New Old Name, Identical Unique Personality

As of one hour ago, I officially have a new name. Well, more accurately, I officially have my old name back. I left my ex-husband over seven years ago, but until about two years ago, I didn’t want to go back to my maiden name. My acquired surname was too cool. I liked it for its linguistic complexity and meaning, and I liked it for its difficulty of pronunciation and spelling. But then one day I decided I was over it. Nothing happened, I simply changed my mind. Then I spent a few years thinking about what name I could adopt instead, but that responsibility proved to be too much. Too many options. You can literally change your name to anything you want. Did you know that? Analysis paralysis set in. Eventually, I gave up and decided to take the boring route of going back to my maiden name. And so after waiting months for fingerprints and background checks and court dates, I’ve gone back to who I once was.  Continue reading →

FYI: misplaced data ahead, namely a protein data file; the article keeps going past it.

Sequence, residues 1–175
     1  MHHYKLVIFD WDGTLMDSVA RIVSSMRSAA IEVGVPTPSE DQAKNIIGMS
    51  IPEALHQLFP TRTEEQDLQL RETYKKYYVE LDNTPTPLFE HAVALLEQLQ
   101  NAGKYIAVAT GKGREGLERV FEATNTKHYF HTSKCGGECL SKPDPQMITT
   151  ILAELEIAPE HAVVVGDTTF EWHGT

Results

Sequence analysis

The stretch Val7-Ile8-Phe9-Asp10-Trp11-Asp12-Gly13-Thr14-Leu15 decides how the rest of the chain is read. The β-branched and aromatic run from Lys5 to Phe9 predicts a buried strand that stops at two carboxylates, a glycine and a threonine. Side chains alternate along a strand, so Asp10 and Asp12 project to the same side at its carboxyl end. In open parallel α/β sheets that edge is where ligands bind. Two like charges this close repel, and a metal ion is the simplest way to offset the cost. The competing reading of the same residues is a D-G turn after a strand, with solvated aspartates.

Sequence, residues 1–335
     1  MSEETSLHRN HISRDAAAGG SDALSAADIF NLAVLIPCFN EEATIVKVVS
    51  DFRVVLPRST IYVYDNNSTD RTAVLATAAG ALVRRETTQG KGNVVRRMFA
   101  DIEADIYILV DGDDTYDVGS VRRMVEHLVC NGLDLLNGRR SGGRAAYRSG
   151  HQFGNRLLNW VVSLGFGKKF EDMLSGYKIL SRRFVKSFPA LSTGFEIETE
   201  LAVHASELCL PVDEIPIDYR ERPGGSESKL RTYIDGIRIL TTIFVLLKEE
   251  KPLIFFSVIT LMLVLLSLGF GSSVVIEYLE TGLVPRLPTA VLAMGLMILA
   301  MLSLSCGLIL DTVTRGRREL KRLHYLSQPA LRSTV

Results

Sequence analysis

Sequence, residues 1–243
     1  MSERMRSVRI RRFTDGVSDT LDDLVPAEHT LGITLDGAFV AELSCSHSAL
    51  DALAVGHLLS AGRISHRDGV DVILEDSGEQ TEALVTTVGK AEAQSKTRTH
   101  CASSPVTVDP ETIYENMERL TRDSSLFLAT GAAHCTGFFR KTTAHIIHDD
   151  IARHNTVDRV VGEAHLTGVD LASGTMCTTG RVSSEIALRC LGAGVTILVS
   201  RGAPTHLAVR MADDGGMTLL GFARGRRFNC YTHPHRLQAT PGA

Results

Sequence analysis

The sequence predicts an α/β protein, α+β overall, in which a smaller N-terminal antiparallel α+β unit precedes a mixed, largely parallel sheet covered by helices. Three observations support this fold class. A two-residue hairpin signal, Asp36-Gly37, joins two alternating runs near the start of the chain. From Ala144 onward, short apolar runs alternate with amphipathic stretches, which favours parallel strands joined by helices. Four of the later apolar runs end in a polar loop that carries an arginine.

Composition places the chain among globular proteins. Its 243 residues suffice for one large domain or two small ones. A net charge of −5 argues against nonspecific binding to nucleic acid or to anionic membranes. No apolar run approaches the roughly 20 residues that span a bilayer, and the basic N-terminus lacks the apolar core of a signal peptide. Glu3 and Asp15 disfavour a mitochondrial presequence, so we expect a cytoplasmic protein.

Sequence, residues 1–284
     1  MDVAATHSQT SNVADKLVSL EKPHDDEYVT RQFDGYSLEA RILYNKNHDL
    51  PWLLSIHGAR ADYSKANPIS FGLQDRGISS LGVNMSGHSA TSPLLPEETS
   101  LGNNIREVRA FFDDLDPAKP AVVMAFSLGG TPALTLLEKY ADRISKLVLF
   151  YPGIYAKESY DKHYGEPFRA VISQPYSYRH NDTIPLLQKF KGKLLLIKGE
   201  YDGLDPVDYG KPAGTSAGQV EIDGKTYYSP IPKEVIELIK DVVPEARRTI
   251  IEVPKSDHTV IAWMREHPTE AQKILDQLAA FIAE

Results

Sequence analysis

My students in Honduras, and to a much lesser extent my students in Mexico, had some unusual names. In Honduras, I was told it had a lot to do with the city being the largest shipping port in Central America. Women would get pregnant by seamen (pun intended) from all around the world but by the time the baby arrived, the men would be long gone. The women, not being highly literate, would give the babies names that were similar to the men’s names but names got distorted due to differences in the sounds of Spanish versus whatever the fathers’ native tongues were. Or they would give the babies names that were words on the ships, cargo containers, or books and magazines the men read.

I don’t know how much truth there is to all that, but I do know a lot of my students had creative and unexpected names. My favorite was Victor Hugo. He was a chubby little guy in the fifth grade class I taught. All smiles and sweetness. Maybe his mom knew who Victor Hugo was and maybe not, but either way, I think he’ll achieve some greatness in his life. Or at least I hope he won’t end up in political exile somewhere. Continue reading →